Composing a new harmony on today’s networks
5G is being deployed and taken up in many parts of the world, but there is much room to maximise the user experience. Zhang Jiong, marketing director for radio-access-network products at ZTE, explains how its Radio Composer can optimise network resources to improve things for both operators and users.
As 5G gains traction in a host of different countries around the world, the demand for a high-quality, reliable user experience is more essential than ever. At the same time, demands on networks have soared to support a growing array of services and technologies, from IoT, AR and VR to 4K video and holographic calling.
But in addition, with all these new state-of-the-art services, the diversity of user needs on the network at any one time is continually expanding. For example, someone may be using simple WhatsApp text messaging with very low bandwidth requirements at the same time as someone else is indulging in the much-more-demanding activity of watching Netflix in 4K.
Yet Zhang Jiong, marketing director for radio-access-network products at ZTE, explains that a traditional “Stone Age” technology – as he puts it – will treat all users the same, regardless of what they’re doing. This means that the capabilities of networks, along with operators’ investment in them, are not being fully optimised. “That’s why we think sometimes that the potential of 5G is not really realised,” says Zhang.
He adds that sometimes 5G users can be unhappy about aspects of the service they get from their plans, such as speeds, even after coverage has improved in many places. This is particularly a problem if people are paying a lot to access the latest state-of-the-art technology.
“Normally, 5G plans are more expensive than 4G plans and we pay for that, but sometimes we just don’t get what we’re expecting,” says Zhang.
A new composition
But ZTE has a solution. This is the Radio Composer, which it launched in early 2021 and has already put into practice with some operators, such as China Telecom and China Unicom. The service harnesses an AI-based engine to change the paradigm from “network-centric” to a more “user-centric” one, using intelligent orchestration to allocate spectrum efficiently depending on user needs at a particular time.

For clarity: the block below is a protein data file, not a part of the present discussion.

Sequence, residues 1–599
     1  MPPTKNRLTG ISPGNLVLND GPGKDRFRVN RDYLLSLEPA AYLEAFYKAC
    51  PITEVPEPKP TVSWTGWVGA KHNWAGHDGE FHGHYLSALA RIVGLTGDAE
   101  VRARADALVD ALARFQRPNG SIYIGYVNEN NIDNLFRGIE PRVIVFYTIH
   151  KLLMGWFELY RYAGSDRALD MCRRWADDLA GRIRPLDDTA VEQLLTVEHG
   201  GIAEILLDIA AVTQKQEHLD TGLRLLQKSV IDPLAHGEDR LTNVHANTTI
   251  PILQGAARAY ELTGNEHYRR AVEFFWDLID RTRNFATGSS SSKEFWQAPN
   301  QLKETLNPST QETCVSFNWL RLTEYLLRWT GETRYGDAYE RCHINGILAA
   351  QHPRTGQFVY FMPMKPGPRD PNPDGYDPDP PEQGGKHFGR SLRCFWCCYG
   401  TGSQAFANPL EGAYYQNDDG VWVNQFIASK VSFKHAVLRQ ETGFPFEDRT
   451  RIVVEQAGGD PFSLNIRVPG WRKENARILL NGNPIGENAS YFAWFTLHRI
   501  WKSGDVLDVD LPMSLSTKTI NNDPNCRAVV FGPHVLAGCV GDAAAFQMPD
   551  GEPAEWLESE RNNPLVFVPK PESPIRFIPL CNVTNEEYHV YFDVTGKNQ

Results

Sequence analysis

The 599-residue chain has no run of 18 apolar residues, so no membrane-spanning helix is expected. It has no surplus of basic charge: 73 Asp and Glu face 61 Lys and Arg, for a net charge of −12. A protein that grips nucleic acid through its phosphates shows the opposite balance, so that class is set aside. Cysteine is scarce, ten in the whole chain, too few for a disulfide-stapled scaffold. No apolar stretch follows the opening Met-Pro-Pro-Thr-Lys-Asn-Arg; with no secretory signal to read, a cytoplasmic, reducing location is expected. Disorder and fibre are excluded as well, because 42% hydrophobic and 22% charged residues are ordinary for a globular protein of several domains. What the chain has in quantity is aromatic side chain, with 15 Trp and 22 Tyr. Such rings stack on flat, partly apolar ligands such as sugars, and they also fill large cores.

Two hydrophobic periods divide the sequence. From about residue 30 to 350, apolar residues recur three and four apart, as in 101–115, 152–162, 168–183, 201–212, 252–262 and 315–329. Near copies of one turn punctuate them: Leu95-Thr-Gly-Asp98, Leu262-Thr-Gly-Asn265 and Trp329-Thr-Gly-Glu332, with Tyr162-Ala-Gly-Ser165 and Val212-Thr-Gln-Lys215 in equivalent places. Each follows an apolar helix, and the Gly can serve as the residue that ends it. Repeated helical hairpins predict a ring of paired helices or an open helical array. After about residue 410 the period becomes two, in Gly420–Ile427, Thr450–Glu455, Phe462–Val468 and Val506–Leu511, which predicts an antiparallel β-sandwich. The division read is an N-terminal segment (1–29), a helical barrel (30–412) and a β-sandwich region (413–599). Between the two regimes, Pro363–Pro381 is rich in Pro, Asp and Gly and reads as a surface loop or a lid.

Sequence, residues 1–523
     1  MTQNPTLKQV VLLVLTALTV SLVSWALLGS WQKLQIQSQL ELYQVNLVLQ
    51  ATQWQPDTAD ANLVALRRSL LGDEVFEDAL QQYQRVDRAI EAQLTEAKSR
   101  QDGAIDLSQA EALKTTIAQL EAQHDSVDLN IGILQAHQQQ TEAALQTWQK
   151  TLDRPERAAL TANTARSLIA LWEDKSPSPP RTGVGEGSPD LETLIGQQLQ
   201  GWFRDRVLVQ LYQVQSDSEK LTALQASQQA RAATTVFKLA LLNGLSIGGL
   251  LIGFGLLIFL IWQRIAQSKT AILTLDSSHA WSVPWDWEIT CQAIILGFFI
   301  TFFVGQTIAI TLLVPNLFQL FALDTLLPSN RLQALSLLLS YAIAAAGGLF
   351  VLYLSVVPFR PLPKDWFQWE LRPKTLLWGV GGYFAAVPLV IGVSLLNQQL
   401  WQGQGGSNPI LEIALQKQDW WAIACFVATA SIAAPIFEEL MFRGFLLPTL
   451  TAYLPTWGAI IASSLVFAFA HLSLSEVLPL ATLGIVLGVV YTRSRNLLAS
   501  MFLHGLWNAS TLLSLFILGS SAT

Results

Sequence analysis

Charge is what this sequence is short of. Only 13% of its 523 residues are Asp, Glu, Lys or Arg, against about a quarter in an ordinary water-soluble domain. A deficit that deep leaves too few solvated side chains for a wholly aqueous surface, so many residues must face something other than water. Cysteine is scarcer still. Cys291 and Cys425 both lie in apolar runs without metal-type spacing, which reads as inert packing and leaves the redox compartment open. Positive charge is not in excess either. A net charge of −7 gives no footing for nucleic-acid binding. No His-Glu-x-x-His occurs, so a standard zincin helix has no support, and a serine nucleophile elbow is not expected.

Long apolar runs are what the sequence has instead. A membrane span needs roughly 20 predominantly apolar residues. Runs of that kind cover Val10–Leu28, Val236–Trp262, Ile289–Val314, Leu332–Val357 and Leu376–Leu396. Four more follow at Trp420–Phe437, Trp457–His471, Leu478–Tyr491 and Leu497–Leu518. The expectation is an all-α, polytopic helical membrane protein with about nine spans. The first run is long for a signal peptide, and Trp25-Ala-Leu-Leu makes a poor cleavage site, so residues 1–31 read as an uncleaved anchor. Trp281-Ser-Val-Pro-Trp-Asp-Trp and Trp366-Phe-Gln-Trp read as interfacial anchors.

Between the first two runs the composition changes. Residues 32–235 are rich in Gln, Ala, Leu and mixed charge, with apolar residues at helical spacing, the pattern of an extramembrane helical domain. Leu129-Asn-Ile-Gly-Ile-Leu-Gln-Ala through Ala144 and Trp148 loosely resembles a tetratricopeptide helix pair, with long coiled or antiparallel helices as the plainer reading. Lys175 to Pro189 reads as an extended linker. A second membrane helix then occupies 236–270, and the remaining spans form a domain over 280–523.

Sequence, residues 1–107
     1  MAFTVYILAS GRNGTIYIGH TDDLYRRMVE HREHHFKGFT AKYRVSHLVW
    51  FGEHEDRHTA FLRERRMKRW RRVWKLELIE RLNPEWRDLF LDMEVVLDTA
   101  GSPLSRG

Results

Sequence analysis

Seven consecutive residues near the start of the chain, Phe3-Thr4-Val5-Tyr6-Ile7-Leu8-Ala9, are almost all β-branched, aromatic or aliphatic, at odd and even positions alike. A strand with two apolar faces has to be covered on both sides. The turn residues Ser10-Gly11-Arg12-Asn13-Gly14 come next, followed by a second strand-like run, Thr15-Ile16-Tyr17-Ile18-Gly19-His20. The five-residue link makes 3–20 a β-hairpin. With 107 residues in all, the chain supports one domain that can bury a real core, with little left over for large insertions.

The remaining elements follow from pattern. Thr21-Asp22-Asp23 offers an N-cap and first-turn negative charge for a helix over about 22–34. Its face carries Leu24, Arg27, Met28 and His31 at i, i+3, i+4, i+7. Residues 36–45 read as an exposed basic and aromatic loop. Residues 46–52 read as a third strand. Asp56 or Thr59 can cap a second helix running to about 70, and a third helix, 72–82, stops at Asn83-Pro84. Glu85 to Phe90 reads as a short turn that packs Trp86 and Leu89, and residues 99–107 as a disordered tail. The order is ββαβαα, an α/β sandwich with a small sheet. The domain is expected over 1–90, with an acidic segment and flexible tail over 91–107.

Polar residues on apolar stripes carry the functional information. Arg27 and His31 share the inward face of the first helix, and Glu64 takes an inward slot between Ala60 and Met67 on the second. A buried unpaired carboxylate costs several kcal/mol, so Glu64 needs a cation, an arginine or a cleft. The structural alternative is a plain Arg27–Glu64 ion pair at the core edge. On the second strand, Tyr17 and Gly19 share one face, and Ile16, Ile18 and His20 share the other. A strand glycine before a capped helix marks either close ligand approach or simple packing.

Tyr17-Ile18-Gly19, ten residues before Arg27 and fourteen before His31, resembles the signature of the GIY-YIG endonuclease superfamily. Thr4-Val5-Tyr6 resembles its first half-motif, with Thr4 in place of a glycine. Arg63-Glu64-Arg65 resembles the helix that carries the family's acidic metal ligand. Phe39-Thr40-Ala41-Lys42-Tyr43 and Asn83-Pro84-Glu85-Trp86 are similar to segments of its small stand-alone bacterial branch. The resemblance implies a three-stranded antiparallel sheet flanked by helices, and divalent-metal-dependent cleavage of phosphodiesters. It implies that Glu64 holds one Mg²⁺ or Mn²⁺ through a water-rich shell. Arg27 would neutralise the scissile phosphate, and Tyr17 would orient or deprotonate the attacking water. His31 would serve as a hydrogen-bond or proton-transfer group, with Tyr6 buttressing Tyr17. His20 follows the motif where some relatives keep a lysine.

“The Radio Composer is about living up to 5G users’ expectations,” says Zhang. “For us, it’s like making music out of the resources we have with a piano. It’s the same piano, but different people playing it can get different quality from the same song.”
He explains that people’s usage and expectations can be recognised with the help of AI and then users can be allocated optimal resources in accordance with their smartphone capabilities. The service can also prepare for required changes in advance by analysing historical traffic and making proactive predictions about where spectrum will be most needed at a particular time, based on deep machine-learning technologies. Network resources can then be dynamically allocated to different users, with levels being increased or decreased depending on their requirements.
“We’re integrating the latest advances in artificial intelligence and also other technologies at neighbouring base stations,” says Zhang. “They can then work between themselves as a group of base stations for optimised spectrum utilisation such as by using dynamic spectrum sharing.”
In real networks, he says, use of the Radio Composer has been seen to have the potential to increase user throughput by as much as 300% and total traffic in a particular area by 30%.
ZTE is now focusing on the next stage of development for the service, which will focus on so-called “intent-driven” networking, whereby operators want to offer users particular services with a specific intent and that provides an even deeper level of intelligence.
Zhang gives the example of a crowd at a football match in a stadium, where users may pose high demands on the network by accessing social media and sending pictures to their friends and videos via TikTok. At such an event, network resources can be increased for those in the stadium to give them higher priority compared with other users.
This type of functionality really paves the way towards the future, says Zhang. “Intent-driven technology is seen as a key part of 6G technologies,” he says.
Of the overall concept of the Radio Composer, he says, it can help to maximise operators’ return on investment and faster monetise their 5G services. As a result, there is lots of interest around the world, and ZTE is planning to expand the technology in Europe and then other regions, adding to its existing deployments.
“Everybody is interested, which is why we’re going to be doing trials and commercial deployments for operators in more countries,” says Zhang.
Ultimately, the expectation is that the technology will also hugely improve the experience for the end user in the long term by more closely catering to their specific needs. “It’s dynamic and it’s user-specific,” says Zhang. “Everybody has a different tailored experience and resource offering.”